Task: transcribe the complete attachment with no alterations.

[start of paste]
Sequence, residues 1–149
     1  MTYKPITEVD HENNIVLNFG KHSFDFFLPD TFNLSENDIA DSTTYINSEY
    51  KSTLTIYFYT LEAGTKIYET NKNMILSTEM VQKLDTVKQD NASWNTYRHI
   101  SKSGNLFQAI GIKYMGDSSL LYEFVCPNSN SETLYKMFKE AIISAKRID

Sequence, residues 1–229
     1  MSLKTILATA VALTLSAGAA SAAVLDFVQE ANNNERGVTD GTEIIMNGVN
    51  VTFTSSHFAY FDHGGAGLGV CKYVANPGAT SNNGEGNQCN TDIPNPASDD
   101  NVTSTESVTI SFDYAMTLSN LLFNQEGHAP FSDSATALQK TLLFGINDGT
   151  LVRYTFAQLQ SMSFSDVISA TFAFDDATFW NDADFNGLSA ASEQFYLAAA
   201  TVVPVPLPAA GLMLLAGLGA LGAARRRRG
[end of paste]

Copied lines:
Sequence, residues 1–149
     1  MTYKPITEVD HENNIVLNFG KHSFDFFLPD TFNLSENDIA DSTTYINSEY
    51  KSTLTIYFYT LEAGTKIYET NKNMILSTEM VQKLDTVKQD NASWNTYRHI
   101  SKSGNLFQAI GIKYMGDSSL LYEFVCPNSN SETLYKMFKE AIISAKRID

Sequence, residues 1–229
     1  MSLKTILATA VALTLSAGAA SAAVLDFVQE ANNNERGVTD GTEIIMNGVN
    51  VTFTSSHFAY FDHGGAGLGV CKYVANPGAT SNNGEGNQCN TDIPNPASDD
   101  NVTSTESVTI SFDYAMTLSN LLFNQEGHAP FSDSATALQK TLLFGINDGT
   151  LVRYTFAQLQ SMSFSDVISA TFAFDDATFW NDADFNGLSA ASEQFYLAAA
   201  TVVPVPLPAA GLMLLAGLGA LGAARRRRG